Brain regions associated with reward induced by optogenetic stimulation at the medial prefrontal cortex
Yuzheng Hu1, Aleksandr Talishinsky1, Hanbing Lu1, Satoshi Ikemoto1, and Yihong Yang1

1National Institute on Drug Abuse (NIDA-IRP), NIH, BALTIMORE, MD, United States


Optogenetics and fMRI were combined to examine the neural activity underlying the rewarding behavior mediated by the medial prefrontal cortex (MPFC) in rats. Animals were trained to press lever for optogenetic self-administration in MPFC. FMRI showed that MPFC photostimulation activated many regions known to receive MPFC afferents. Notably, the activation of hypothalamus, agranular insula, and ventral striatum was positively correlated with the lever press. Our finding may shed light on brain circuits involved in therapeutic effects of recent deep brain stimulation studies in major depression, in which the MPFC plays an important role.


The medial prefrontal cortex (MPFC) plays an important role in mood regulation. Deep brain stimulation (DBS) delivered at the MPFC has been found to have treatment efficacy in major depression.1, 2 Preclinical research suggests an involvement of this region in positive emotion or reward. For example, rats learn to self-stimulate with high-frequency electricity delivered at the MPFC.3-5 In the present study, we incorporated optogenetic stimulation and whole brain fMRI to provide a more complete view of brain circuits underlying positive emotional effects induced by MPFC stimulation.


We injected channelrodopin2-expressing adeno-associated virus (AAV-ChR2) or control virus (AAV-eYFP) into the infralimbic region of the MPFC of experimental (n=10) or control (n=7) rats, respectively. Animals were trained to press a lever for optogenetic self-stimulation. A stimulation train consisted of 8 pulses (3ms duration) paced every 40 ms was delivered every time when the animal pressed the lever. Animals were subsequently anesthetized with a combination of low dose of isoflurane and dexmedetomidine,6 and underwent fMRI scanning on a Bruker 9.4T scanner. Block-design optogenetic stimulation was delivered to the right MPFC under three conditions: 25Hz stimulus trains with an interval of 1s, 2s, or 4s, respectively (Fig 1a). Each condition consisted of 5 blocks, and each block consisted of 20s stimulus on and 40s off. Two scan sessions with the stimulus order of A) 1s-2s-4s-interval or B) 4s-2s-1s-intervel were performed (Fig 1b). The order of scans A and B was counterbalanced between animals. BOLD fMRI data were acquired using a T2*-weighted EPI sequence (TE = 13 ms, TR = 1000 ms, segment = 2, FOV = 35 × 35 mm2, matrix size = 64×64, slice thickness = 1 mm, slice number = 15). Brain activation was analyzed with general linear modeling. Relationship between the fMRI activation and reward behavior was examined using a correlation analysis.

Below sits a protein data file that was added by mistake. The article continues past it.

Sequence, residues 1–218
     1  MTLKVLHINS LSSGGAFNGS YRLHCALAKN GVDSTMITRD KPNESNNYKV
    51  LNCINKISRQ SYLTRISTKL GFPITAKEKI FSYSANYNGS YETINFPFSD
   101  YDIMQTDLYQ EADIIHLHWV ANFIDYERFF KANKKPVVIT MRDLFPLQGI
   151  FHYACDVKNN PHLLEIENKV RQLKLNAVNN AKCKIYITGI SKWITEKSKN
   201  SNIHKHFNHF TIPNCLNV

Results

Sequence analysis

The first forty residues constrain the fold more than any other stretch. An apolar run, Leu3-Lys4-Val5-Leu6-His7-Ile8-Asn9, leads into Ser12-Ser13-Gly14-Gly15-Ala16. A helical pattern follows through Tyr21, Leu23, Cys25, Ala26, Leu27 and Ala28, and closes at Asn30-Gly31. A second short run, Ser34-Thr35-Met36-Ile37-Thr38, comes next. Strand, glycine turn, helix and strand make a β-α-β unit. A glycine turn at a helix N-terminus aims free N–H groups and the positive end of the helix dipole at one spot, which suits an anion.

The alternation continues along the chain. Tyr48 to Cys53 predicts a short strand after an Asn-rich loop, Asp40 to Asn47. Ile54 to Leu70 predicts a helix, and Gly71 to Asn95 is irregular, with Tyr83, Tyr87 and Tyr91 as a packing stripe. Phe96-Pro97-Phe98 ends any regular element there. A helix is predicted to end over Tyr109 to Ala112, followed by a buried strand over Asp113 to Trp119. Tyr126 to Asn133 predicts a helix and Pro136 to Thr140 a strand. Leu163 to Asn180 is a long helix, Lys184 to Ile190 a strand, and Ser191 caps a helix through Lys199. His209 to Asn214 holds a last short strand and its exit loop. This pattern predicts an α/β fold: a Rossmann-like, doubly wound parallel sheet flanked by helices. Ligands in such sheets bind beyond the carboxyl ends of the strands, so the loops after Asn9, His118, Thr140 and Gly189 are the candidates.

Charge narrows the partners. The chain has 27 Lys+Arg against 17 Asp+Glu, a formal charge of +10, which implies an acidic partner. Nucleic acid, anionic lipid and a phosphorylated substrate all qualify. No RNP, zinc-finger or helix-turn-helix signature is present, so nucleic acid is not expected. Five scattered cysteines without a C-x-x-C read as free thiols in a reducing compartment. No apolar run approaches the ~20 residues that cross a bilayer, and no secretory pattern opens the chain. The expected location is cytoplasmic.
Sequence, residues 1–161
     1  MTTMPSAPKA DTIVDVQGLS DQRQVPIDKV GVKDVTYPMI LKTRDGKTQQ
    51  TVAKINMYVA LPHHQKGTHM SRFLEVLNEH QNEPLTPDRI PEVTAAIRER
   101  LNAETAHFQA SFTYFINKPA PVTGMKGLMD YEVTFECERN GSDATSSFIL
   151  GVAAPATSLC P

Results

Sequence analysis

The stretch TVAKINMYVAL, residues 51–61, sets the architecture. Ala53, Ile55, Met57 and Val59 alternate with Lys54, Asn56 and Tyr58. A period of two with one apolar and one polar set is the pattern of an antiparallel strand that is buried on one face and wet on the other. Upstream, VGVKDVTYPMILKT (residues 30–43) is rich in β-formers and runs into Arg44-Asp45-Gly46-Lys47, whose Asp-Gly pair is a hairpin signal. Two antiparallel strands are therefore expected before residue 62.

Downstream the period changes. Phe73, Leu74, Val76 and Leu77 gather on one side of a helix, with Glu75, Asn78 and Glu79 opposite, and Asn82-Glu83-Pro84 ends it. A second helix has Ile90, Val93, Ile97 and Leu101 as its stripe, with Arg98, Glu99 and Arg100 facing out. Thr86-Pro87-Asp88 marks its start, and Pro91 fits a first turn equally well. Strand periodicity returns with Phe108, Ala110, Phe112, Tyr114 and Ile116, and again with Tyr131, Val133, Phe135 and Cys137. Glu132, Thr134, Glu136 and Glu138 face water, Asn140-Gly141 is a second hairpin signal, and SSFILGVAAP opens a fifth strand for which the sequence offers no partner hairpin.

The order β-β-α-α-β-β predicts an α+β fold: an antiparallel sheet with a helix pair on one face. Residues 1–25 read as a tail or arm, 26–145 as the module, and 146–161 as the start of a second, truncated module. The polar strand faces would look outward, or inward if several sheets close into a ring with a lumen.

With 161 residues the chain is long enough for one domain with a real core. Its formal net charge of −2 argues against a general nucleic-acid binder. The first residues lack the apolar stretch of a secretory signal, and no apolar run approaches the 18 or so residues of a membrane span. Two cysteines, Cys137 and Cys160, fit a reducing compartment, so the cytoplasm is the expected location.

Lever press (within 30-minute sessions) assessed outside of scanner indicated that the experimental rats showed higher response to the stimulation than the controls (409±252 and 19±13, respectively; p= 0.00042, Fig 1b). The amplitude of BOLD response was modulated by the stimulus interval (higher amplitude at shorter interval) and was independent of the stimulus order (Fig 2b). Stimulation of MPFC activated many areas along known projections of the MPFC (p < 0.05, corrected for multiple comparisons; Fig 3). Specifically, the entire MPFC, including the medial orbital, prelimbic and infralimbic regions, was activated. The stimulation also activated cortical and subcortical regions that receive the MPFC afferents, including the agranular insula (AI), anterior cingulate area 2, tenia tecta, amygdala, ventral striatum (VS), septal area, bed nucleus of stria terminalis, midline anterior thalamic areas, preoptic area, and hypothalamus (HT). As shown in Fig 4, the lever press behavior was positively correlated with brain activation under the 1s-interval condition in the HT (r=0.76, p=0.01), AI (r=0.69, p=0.028) and VS (r=0.64, p=0.047).


Our study revealed that stimulation of the MPFC activates extensive brain regions, and some of the activation was correlated with the lever press behavior. The infralimbic region of rat MPFC corresponds to the human subcallosal cingulate,7 which is an effective target of deep brain stimulation for the treatment of depression.1, 2 Our finding may shed light on brain circuits involved in therapeutic effects of DBS.


This work was supported by the Intramural Research Program of the National Institute on Drug Abuse.


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Fig 1 a) Fiber implantation just above the infralimbic region (IL) of the MPFC. b) MPFC stimulus induced rewarding-like behavior in the experiment rats.

Fig 2 a) A 25 Hz photonic stimulus train was delivered with 1 second, 2 second and 4 second intervals. b) Block-designed stimulus and a represent BOLD response at the stimulus site from one rat.

Fig 3 MPFC induced activation patterns (left two columns) and group difference (right column) at a) 1s interval, b) 2s interval and c) 4s interval conditions (corrected p <0.05).

Fig 4 a) Brain areas activated by MPFC stimulation. b) BOLD signal changes in each region-of-interest. c) Lever press behavior was positively correlated with brain activation in the hypothalamus (TH), agranular insula (AI) and ventral striatum (VS).

Proc. Intl. Soc. Mag. Reson. Med. 25 (2017)